∑ During the first six months of the financial year 2021/22, the Council had operated within the prudential and treasury indicators set out in the Treasury Management Strategy Statement and in compliance with its Treasury Management Practices.
In response to questions, the Finance Manager advised the Committee that:
∑ Borrowing at present was for short-term liquidity to cover peaks and troughs within the cashflow.† However, the Capital Programme was starting to escalate, and borrowing would increase.
∑ Short-term borrowing was anything less than one year.† The decision had been made to lock into the loan from the Middlesbrough Teesside Pension Fund because the funding was required, the rates were good and to avoid the need to re-finance after a few months.
∑ All of the Councilís institutions were highly rated and as security of capital was an investment priority, it was the practice to spread the risk across several institutions.† However, as requested, a comparison could be provided at the next meeting of the costs and returns associated with the current investment profile and those resulting from overnight deposits with the Bank of England.
1.†††† That the position regarding the Treasury Management Strategy as at 30 September 2021 be noted.
2.†††† That no amendments to the current procedures are necessary as a result of the review of activities during the first six months of the 2021/22 financial year.
The Senior Finance Manager (Client) introduced his report setting out an updated Statement of Accounts for 2020/21 together with the Audit Findings report from Grant Thornton, the External Auditor.
The Senior Finance Manager (Client) advised the Committee that:
∑ The external audit was still in progress but approaching its conclusion.† The most significant outstanding issue related to the accounting treatment for the housing developments at Brunswick Street and Union Street.† The necessary adjustments were being finalised.† Whilst the numbers involved were material, the outcome of these adjustments would not impact on the General Fund Balance.† The impact would be substantially on the Balance Sheet and the expenditure would remain classified as capital spend.† It was therefore proposed that recommendation 1 set out in the report be amended as follows:
††††† That the Statement of Accounts 2020/21 attached at Appendix 1 to the report of the Senior Finance Manager (Client) be approved subject to the satisfactory resolution of the capital accounting issues referred to in the Audit Findings report by the Director of Finance and Business Improvement in consultation with the Chairman of the Committee.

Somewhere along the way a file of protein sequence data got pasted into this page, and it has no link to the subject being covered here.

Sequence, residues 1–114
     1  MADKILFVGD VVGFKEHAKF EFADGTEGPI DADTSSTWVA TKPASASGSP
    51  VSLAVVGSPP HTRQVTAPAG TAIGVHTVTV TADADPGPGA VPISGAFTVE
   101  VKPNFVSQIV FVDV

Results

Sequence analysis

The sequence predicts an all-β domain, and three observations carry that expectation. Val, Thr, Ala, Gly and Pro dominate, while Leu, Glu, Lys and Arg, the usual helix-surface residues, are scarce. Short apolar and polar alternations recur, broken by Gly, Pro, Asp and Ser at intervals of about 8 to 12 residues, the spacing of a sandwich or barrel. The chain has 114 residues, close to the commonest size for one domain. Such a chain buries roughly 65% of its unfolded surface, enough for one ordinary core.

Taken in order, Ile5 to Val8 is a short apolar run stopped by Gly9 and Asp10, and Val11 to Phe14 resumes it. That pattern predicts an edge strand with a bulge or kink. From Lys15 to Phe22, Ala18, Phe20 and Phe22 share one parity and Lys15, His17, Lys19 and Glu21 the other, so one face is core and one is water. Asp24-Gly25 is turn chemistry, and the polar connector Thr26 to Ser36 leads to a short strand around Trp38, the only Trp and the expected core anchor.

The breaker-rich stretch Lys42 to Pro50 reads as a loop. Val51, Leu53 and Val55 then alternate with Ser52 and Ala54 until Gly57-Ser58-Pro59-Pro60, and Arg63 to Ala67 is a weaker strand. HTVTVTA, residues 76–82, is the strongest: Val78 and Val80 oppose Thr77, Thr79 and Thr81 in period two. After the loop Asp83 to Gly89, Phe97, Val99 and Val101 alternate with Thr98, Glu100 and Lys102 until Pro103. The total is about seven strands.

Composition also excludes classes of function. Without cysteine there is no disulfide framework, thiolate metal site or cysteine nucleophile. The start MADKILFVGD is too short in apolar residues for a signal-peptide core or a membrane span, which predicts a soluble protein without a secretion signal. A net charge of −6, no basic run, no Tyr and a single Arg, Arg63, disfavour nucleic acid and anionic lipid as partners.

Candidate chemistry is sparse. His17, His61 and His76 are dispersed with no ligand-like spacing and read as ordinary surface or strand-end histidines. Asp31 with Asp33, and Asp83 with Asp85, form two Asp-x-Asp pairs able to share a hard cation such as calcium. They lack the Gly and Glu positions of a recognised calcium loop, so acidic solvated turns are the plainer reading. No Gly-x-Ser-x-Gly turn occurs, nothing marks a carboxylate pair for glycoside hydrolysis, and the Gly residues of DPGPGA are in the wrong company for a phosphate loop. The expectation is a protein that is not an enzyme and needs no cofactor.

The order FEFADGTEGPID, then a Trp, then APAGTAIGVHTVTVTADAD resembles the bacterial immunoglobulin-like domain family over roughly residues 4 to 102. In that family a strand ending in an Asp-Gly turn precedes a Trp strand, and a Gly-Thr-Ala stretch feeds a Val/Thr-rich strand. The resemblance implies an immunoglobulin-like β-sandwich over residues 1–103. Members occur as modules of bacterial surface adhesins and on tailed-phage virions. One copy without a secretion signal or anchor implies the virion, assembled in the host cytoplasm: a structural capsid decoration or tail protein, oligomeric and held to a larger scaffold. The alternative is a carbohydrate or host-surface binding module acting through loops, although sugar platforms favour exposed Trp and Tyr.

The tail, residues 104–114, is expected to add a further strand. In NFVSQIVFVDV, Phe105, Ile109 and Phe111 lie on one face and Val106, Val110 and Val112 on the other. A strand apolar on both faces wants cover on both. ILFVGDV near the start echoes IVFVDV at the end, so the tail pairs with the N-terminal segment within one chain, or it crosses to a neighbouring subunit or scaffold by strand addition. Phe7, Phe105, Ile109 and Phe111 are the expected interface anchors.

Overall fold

∑ As requested at the last meeting, the report included additional information regarding the accounting treatment of the pensions liability and the arrangements for funding the deficit.† Information had been received from the actuary explaining the significant increase in the liability in 2021.† This was largely because of assumptions made around inflation and changes made by the actuary for accounting purposes.† These were reflected as accounting adjustments in the Statement but did not impact directly on the Councilís financial position.† The report also included details of the funding arrangements which were based on triennial valuations.† These were separate to the accounting arrangements and enabled the Council to ensure that adequate budgetary provision was in place to meet the pensions liability and repay any deficit on the Fund.
Mr Trevor Greenlee of Grant Thornton, the External Auditor, provided a summary of the Audit Findings report.† He explained that work was still in progress but there was nothing that he needed to draw Membersí attention to at this stage.† Discussions would continue with the Finance Team regarding, inter alia, the accounting treatment for the housing developments at Brunswick Street and Union Street.† There was a revised approach to the Value for Money work for 2020/21 following the introduction of a new Code of Audit Practice and the expectation was that the Value for Money conclusion would be issued no more than three months after the opinion on the financial statements.† The delay in providing the Audit Findings report within expected timescales reflected the difficulties being experienced in the external audit sector linked to the pandemic and other issues around the extent of regulation and expectations.
In response to questions: